When it appears, the hi-tech tattoo, which is still under development, looks like a large mole. It is placed on the bottom of the forearm, where the skin is usually paler, to make it easier to see. The tattoo will only become visible if it detects a rise in calcium levels in the blood and skin - which can be an indicator of cancer.
Scientists make the tattoo by removing patient’s skin cells using a local anaesthetic.
They then modify the cells in the laboratory to release large amounts of melanin, the pigment that causes skin to darken when we sunbathe, if there is an increase in calcium.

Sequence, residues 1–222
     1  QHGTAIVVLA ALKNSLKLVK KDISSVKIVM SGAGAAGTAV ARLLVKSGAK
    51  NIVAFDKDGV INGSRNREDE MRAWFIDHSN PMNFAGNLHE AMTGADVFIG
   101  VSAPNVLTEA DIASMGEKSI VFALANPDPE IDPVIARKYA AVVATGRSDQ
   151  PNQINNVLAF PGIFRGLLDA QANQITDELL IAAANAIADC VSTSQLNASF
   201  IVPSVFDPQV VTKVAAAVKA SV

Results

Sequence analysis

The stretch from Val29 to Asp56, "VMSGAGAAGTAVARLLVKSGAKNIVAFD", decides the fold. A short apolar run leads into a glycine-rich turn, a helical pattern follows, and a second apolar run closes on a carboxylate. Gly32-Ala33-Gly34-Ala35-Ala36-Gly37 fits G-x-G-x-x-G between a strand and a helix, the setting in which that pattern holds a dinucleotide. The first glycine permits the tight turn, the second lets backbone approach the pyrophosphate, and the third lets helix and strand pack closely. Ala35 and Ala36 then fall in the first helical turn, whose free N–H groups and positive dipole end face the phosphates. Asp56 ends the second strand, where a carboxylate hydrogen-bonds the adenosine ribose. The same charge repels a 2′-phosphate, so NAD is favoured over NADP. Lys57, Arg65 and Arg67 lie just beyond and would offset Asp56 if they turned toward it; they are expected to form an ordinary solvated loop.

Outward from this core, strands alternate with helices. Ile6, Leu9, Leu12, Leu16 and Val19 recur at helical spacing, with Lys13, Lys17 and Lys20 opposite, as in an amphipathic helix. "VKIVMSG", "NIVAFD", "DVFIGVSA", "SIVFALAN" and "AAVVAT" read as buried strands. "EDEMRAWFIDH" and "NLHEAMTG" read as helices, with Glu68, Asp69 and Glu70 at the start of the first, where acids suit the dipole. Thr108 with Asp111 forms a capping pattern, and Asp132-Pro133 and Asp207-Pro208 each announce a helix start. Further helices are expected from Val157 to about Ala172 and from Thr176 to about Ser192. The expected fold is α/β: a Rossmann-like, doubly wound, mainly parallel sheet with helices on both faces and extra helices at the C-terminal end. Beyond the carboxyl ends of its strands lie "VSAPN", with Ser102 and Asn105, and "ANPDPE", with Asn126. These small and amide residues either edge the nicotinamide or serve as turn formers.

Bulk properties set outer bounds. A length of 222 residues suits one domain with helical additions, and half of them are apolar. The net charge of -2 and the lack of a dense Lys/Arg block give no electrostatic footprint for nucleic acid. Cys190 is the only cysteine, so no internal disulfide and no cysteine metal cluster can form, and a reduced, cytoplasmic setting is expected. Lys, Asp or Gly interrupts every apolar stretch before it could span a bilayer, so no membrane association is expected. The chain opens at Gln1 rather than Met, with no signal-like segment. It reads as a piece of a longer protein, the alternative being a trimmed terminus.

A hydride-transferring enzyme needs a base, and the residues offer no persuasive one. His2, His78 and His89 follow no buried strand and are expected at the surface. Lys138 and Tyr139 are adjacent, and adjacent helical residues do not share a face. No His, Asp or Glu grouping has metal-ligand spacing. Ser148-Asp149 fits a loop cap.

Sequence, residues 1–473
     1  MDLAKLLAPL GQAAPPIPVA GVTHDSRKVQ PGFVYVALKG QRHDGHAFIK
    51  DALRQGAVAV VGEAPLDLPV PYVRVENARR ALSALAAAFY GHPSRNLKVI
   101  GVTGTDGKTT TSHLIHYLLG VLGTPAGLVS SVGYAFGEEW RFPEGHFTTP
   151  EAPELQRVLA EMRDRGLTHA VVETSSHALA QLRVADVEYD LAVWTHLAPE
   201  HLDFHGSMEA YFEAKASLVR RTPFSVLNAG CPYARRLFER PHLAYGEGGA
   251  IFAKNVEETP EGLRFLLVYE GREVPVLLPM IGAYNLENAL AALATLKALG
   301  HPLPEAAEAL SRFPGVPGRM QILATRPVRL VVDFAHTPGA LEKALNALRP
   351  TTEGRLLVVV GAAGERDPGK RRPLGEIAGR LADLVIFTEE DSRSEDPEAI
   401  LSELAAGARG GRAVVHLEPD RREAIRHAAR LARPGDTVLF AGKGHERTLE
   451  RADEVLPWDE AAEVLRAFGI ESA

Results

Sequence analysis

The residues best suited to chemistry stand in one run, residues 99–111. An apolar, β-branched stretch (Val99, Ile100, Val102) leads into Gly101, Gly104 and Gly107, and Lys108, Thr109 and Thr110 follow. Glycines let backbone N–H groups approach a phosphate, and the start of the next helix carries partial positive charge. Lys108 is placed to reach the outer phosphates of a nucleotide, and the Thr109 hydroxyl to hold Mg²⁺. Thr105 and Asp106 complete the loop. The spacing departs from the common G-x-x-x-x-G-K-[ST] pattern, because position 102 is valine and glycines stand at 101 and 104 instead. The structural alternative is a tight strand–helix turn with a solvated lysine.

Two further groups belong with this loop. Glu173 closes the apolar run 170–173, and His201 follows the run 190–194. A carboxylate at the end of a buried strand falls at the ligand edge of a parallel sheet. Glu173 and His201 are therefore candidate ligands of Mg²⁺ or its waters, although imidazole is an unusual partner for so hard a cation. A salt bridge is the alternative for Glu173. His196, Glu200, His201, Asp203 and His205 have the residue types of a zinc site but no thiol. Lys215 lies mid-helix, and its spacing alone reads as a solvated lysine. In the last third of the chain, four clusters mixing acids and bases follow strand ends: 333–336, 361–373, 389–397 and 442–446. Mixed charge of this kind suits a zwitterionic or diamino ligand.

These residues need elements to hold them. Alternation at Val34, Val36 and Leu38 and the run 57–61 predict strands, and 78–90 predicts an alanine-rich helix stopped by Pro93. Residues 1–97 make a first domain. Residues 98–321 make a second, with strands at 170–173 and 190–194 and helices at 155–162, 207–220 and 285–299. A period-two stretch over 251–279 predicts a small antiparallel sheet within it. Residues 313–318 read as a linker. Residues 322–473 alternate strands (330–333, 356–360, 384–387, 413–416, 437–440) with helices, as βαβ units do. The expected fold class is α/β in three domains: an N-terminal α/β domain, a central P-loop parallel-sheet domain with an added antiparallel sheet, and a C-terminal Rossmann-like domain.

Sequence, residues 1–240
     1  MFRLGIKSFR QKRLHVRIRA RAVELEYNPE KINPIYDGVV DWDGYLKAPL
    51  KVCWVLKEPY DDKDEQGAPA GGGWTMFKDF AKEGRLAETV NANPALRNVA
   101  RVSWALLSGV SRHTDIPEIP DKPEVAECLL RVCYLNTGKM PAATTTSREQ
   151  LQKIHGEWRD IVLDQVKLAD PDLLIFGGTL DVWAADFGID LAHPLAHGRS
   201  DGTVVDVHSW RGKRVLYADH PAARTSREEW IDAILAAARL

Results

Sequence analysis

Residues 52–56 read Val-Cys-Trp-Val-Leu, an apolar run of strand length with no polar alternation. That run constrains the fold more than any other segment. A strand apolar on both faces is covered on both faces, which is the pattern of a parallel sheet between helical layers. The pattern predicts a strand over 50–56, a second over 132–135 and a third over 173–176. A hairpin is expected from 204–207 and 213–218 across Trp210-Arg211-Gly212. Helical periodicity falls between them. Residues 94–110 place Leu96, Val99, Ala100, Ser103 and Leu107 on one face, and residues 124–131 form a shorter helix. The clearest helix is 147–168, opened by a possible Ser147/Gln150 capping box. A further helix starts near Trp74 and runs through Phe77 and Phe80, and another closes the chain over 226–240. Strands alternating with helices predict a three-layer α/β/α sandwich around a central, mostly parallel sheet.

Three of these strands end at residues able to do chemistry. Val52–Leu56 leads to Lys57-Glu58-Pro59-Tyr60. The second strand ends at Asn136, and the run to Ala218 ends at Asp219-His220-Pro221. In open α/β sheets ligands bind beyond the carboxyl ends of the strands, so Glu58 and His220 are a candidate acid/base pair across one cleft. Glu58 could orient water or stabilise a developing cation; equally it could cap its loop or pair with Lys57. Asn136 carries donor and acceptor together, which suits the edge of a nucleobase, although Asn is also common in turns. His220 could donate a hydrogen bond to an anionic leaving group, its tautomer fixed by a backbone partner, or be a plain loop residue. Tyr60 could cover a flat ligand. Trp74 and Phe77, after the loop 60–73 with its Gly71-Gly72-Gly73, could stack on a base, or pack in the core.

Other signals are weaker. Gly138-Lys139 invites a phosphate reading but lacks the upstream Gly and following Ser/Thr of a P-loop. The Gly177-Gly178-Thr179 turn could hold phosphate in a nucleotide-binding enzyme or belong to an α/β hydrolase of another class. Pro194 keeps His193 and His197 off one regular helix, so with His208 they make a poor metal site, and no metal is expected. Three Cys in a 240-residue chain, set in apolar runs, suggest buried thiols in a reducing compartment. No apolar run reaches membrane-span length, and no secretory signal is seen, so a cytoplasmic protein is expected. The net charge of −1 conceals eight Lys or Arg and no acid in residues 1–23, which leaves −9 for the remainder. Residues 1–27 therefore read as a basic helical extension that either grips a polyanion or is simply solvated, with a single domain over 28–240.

These altered cells are injected back into the skin where they remain the same colour as surrounding tissue unless calcium levels spike. Calcium is the most abundant mineral in the body and is needed by every cell to function effectively. The tattoo could be tested in humans within the next two to three years.